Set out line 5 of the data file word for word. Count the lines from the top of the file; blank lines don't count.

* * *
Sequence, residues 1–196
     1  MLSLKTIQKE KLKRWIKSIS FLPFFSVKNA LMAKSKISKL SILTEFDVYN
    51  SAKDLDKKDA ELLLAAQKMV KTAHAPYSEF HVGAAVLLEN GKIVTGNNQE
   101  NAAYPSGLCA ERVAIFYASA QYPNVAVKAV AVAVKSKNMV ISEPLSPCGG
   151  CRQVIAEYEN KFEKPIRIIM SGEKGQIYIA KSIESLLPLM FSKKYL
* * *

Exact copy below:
   151  CRQVIAEYEN KFEKPIRIIM SGEKGQIYIA KSIESLLPLM FSKKYL